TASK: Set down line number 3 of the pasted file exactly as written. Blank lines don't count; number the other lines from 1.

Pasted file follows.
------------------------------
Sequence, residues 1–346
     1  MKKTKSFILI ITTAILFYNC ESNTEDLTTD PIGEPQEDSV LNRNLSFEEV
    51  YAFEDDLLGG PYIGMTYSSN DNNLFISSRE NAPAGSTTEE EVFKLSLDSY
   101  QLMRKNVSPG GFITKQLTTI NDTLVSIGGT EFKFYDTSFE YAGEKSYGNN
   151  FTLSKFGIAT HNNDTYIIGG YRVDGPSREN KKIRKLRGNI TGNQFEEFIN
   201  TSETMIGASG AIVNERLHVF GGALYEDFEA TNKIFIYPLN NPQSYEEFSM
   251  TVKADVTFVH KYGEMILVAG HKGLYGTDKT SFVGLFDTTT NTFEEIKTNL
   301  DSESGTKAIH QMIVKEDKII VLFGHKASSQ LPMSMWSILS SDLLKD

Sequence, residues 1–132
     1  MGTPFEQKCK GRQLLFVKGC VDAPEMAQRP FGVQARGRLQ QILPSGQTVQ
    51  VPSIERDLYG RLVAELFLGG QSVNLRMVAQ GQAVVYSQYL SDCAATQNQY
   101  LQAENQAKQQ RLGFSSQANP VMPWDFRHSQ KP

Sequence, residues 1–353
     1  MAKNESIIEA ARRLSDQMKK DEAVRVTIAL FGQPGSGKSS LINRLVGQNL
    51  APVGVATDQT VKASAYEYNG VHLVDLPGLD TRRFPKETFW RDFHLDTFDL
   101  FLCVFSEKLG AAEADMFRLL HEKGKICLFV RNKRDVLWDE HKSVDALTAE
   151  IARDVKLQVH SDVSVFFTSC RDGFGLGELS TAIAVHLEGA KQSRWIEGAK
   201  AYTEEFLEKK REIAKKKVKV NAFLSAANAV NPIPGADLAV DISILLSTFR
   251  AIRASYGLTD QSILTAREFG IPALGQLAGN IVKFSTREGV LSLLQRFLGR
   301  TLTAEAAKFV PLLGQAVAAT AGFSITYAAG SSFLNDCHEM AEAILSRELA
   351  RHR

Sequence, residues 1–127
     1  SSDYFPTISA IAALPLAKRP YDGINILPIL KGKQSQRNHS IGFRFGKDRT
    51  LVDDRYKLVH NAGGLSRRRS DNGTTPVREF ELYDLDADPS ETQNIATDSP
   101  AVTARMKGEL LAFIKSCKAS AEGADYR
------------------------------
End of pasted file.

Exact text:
    51  YAFEDDLLGG PYIGMTYSSN DNNLFISSRE NAPAGSTTEE EVFKLSLDSY